The world’s fastest hot hatch sounds like a $500,000 supercar if you close your eyes to focus on the G-Force and its amazing soundtrack.
Of course, this kind of sensory experience is best conducted from the passenger seat of the Audi RS3.
There is a unique musical quality to the beloved five-cylinder engine under the bonnet that calls attention to the Audi R8 V10 or the Lamborghini Huracan. And this opening supports its bark with a relentlessly fast thrust.
What is the speed? Audi claims a 3.8sec to 100 km/h sprint (easily beating the latest Porsche 911 Carrera), but independent testing suggests it’s much faster.
Top speed is 290 km/h – a really impressive figure for something that shares its bones with the humble Volkswagen Golf.
It’s easy to see – and hear – why this resonant and sophisticated selection is a favorite of hot slot fans.
The latest generation of RS3s account for up to one in four A3 sales during an on-and-off relationship plagued by supply constraints.
But it has never matched the driver’s share of a traditional sports car available at a similar price. Audi aims to fix that with a suite of changes including a slightly more muscular engine, revised suspension, a wider stance and a new all-wheel drive system.
With a starting price of $91,391 plus driving costs on the road as a hatchback (a large-boot RS3 sedan costs $2,500 more), it’s one of the most expensive hatchbacks on sale – although it undercuts its arch-rival Mercedes-AMG A45 .
It’s loaded with equipment worthy of the crown jewel in the Audi range of small cars.
It has the best digital dashboard in any car of this size, along with a 10.1-inch central touchscreen with satellite navigation, wireless smartphone mirroring and charging, premium stereo, head-up display and more.
It looks purposeful inside and out, though Audi fans will miss the motorsport-inspired flat-top steering wheel from the old car, which was removed in favor of a regular round element compatible with the latest driver assistance technology.
Performance contents range from a wider chassis and oversized brakes to a 294 kW, 500 Nm turbo engine and active exhaust. Customers can go even further with optional ceramic brakes, carbon fiber and semi-slick Pirelli P-Zero Trofeo R rubber.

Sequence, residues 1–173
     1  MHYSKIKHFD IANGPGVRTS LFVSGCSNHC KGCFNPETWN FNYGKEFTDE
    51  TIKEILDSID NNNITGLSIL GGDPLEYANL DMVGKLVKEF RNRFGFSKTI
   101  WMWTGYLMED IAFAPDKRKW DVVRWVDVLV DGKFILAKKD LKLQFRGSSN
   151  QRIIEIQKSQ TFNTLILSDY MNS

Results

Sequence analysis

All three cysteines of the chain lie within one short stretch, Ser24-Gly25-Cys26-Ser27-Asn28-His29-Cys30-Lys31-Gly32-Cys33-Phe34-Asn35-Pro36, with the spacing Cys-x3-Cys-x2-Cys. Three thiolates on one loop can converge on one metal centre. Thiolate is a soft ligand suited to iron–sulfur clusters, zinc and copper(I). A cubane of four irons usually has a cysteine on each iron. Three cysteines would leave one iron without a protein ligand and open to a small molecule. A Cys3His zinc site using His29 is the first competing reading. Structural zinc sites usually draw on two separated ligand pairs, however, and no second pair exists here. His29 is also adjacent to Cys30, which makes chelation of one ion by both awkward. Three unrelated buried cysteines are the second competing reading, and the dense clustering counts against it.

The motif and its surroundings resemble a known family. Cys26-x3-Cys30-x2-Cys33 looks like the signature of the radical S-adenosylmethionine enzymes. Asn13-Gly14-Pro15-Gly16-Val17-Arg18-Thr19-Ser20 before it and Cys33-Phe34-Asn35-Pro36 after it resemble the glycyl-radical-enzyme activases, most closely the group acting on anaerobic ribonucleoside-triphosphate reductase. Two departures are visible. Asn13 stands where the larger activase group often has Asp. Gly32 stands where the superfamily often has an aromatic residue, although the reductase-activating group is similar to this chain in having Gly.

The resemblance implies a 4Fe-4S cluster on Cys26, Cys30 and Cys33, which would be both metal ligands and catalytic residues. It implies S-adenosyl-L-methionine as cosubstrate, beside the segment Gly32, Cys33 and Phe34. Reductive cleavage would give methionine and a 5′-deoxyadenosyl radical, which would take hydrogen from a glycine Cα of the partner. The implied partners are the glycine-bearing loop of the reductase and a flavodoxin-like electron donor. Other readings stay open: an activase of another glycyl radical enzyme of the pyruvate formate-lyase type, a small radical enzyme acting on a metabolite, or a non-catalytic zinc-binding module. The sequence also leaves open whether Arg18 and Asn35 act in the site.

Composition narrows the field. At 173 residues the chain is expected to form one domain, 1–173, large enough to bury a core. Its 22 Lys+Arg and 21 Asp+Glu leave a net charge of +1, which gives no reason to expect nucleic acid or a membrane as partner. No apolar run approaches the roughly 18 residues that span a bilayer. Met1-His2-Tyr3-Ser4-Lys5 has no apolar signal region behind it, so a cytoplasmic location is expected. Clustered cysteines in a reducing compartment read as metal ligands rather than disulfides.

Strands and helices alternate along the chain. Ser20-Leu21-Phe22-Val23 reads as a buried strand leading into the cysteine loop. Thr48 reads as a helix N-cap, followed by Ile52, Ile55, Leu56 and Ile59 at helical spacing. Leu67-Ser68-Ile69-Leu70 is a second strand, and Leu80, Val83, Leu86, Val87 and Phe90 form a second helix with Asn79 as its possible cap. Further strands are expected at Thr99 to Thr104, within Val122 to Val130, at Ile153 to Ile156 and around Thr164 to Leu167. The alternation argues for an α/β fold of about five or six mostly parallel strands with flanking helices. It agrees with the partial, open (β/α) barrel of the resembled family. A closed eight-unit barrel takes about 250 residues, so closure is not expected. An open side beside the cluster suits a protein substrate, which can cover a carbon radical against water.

Perhaps the biggest selling point for owners looking to trade in a last-generation car is the torque-vectored rear differential that changes the driving experience.
The new differential pushes power to the outer rear wheel when cornering, helping to turn the car when cornering is applied.
Front bite is improved by the wider stance and 19-inch front wheels that are a full inch wider than the rear.
The narrower rear tires encourage the tail to let go of grip before the front, reducing the bottom line to provide agility when sticking to a corner.
There’s even a drift mode for tail bluffing that wasn’t possible in the old model. We tested the feature on a sliding sump at the racetrack and it certainly could slip, although it does feel a little confusing. It’s not as natural or predictable as a rear-wheel drive BMW or a Mustang.
You need a committed right foot and plenty of room to swing the tail – it really is something best left to the skateboard.
There is no doubt that this is the best RS3 to date, especially in terms of driver engagement.
It is much more practical than two-door sports cars, and it is easy to live with it every day.
It’s as easy to drive as any other city hatchback, with silky power delivery and multi-mode shock absorbers that do a decent job of keeping your composure over the bumps.
Great ergonomics and great infotainment features add to its everyday appeal. Factor in a really special engine and the result is something worth savoring.
RuleEngaging in driving, uncompromising speed and cheaper than the competition, the Audi RS3 is a winning combination.
price About $100,000 by car
engine 2.5 liters 5-cylinder turbo, 294 kW and 500 Nm
Warranty Service 5 years/km, $3,589 for 5 years
safety 6 Airbags, Automatic Emergency Braking, Active Cruise Control, Blind Spot Monitoring, Rear Cross Traffic Alert.
long shoes 282 liters
additional repair kit
Originally published as the Audi RS3 marks the end of an era